TBY talks to Patrick M. Chalhoub, CEO of Chalhoub Group, on riding the wave of e-commerce, trends to watch for the future, and the importance of trust.

Patrick M. Chalhoub
Patrick M. Chalhoub began his career in 1979, creating regional distribution platform in the Jebel Ali Free zone with Fendi, L’Oreal, Dior Parfum, and Puig. As the director of Christofle and of Bernardaud, he is also involved in the strategic planning for the redeployment of these brands. For nearly 30 years, he has continued to expand the group’s distribution, retail business, marketing, and communication activities. He has also been awarded the medal of Chevalier de l’Ordre National du Merite, and the Chevalier de l’Ordre National de la Legion d’Honneur. Patrick holds two bachelor’s degrees, one in economics and finance, another in political science.

E-commerce is a major trend these days in the region, and not just in the UAE. How has Chalhoub ridden the uptake across the luxury sector?

We have seen a long-time resistance to e-commerce in the luxury market, but that is slowly diminishing and brands are taking up e-commerce. E-commerce now accounts for around 7-8% of the global luxury market, and we have already seen considerable changes in the UK and US, with the introduction of new technologies such as virtual reality. This has improved the e-commerce experience, and people today are involved with their digital devices, socially and in terms of consumer habits, particularly in this region where we have a young population with a high level of mobile phone penetration. Attitudes are changing too; shopping has always been considered a pleasure and a leisure activity for people in this part of the world. Also, in terms of payments, this market has not been keen on using credit cards and prefers cash. Organizing shipping to an address has also been an issue. However, today we are witnessing a greater level of e-commerce adaptability to the local market, with options such as cash payment on delivery. We only started our e-commerce drive three years ago and implemented the solution of payment of cash on delivery. We expected that to account for around 60% of online sales, but found it made up 75%, with a low rate of return. Globally, return is around 12-15%; however, we are below that even with a higher than expected percentage of sales for cash on delivery. We get a lot of repeat customers and their purchases are generally increasing. Another thing that triggered e-commerce for luxury in this part of the world is the exchange rate, which has made prices in the Middle East more expensive than in Europe and the UK.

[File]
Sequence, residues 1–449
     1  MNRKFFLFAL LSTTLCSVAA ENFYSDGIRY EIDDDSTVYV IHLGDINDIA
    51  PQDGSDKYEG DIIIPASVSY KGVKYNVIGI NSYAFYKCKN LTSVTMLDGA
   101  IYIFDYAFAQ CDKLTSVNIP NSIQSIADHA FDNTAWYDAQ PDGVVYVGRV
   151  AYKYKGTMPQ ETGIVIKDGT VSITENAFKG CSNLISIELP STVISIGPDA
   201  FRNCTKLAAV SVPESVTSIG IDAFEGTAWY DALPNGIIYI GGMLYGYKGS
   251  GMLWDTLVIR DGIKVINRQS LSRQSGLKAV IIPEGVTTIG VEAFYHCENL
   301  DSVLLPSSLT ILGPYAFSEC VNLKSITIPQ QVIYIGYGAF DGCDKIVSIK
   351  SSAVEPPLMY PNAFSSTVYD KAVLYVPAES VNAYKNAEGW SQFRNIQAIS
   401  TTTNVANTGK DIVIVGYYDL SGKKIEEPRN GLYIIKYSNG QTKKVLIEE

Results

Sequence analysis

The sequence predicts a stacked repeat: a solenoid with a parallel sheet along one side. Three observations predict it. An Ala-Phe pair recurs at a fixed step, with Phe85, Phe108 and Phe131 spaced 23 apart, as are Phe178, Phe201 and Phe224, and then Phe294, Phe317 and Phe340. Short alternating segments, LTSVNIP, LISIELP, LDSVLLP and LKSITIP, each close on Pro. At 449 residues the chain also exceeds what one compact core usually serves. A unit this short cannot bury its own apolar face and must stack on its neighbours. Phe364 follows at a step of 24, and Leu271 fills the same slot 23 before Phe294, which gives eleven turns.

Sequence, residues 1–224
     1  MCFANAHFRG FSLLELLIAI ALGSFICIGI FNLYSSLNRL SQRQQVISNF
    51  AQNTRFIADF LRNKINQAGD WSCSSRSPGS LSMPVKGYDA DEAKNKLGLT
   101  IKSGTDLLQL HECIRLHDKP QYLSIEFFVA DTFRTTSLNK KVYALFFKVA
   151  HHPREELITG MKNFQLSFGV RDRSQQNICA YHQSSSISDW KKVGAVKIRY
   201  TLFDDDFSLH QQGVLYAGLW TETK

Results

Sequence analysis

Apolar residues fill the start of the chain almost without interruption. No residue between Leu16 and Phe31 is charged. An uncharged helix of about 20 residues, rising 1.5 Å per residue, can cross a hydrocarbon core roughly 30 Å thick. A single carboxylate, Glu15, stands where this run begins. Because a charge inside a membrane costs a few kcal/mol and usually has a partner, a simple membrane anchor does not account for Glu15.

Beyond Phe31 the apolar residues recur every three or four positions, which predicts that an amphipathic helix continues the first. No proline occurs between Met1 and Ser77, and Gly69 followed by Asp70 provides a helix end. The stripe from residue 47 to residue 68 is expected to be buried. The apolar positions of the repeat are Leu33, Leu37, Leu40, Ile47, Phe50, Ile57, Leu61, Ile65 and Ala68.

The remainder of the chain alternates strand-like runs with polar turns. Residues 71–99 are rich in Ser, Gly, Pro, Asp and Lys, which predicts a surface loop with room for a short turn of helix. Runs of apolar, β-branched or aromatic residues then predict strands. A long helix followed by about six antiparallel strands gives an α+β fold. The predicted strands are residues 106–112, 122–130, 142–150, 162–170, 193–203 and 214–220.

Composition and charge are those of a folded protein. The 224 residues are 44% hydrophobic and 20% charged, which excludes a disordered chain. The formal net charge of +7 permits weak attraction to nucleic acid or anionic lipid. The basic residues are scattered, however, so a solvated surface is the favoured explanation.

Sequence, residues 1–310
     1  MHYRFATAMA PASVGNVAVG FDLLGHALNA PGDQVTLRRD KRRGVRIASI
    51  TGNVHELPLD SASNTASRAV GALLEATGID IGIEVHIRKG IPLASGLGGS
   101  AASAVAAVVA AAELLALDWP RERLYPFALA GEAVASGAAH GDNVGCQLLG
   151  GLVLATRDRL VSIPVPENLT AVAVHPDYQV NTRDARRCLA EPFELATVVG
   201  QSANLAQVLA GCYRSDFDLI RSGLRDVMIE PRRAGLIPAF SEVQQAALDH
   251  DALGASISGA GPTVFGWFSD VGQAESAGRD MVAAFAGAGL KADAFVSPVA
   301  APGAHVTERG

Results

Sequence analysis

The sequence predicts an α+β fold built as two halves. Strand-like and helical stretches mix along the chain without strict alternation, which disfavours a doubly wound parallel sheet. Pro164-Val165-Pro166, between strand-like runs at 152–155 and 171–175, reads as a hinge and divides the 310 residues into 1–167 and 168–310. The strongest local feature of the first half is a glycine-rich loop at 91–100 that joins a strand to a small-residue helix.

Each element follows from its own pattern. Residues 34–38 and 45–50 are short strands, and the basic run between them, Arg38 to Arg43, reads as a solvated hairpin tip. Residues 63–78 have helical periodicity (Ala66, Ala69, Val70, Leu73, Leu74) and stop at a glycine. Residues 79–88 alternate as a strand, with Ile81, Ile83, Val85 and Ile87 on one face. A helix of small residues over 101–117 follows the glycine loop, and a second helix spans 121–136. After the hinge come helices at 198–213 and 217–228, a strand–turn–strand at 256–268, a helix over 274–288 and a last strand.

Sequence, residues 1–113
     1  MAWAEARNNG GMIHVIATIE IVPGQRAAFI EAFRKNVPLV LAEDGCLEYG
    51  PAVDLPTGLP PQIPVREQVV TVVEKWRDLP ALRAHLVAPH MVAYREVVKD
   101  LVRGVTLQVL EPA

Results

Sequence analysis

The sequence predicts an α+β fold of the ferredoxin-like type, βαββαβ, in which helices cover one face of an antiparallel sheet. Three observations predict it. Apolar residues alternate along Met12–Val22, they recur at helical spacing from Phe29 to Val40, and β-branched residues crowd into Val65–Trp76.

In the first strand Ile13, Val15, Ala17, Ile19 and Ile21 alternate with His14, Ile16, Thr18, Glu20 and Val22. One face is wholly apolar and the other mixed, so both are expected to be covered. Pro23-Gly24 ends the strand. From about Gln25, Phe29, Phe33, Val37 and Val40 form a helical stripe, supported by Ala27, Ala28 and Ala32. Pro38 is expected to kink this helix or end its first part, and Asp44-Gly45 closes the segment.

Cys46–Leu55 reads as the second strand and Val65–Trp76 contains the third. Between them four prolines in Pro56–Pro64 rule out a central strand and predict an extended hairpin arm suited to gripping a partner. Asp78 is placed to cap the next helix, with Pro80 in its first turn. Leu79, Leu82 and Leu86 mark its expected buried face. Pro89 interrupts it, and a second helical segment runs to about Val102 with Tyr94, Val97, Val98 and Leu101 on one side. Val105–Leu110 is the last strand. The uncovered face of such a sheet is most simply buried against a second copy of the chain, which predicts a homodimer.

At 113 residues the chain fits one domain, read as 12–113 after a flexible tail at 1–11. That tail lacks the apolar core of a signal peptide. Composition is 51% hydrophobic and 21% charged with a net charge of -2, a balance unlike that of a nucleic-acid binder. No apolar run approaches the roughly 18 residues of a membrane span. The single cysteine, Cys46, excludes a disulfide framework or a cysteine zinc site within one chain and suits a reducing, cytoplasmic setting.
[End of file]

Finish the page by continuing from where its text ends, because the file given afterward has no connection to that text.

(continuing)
How are consumer patterns changing in-line with this trend?

Today, consumers think and act differently, and they have different consumer habits and motivations. This is a world with less loyalty and more experience needed, more need for personal connection, but still with a desire for anonymity. E-commerce has provided a lot of answers and solutions for these consumers and the new generation. Of course, it doesn't have the human touch, but it makes things convenient. We still have much to learn from online e-commerce, and from more traditional offline brick and mortar commerce. We want to provide an omni-channel experience at the end of the day; we want people to navigate, whether they engage online or offline, no matter the location. Our customer is our center of interest, and that is who we engage with. We need to make sure we have a seamless experience uniting all our online and offline channels. We want the best of both worlds. We will probably have less stores as we move ahead, but with more experience, more investment, and more choices. We imagine that eventually some physical stores can be showrooms for our online offerings, and provide more meaningful online experiences.

How is Chalhoub's e-commerce platform being connected to your brands?

We put together a platform, and we felt the best way to get through to our clients would be through each one of the brands. The first to be plugged in was L'Occitaine in July 2015, which accounts for 14% of sales today. That's our largest single store of entry in the Middle East, both in Saudi and the UAE. Wojooh and Level Shoes followed in January 2016, and in November 2016 we plugged in Sephora, which we operate as a joint venture. For some of the lesser-known brands, the takeoff has been more difficult, because it is a question of trust and people tend to be wary of brands they do not know as well.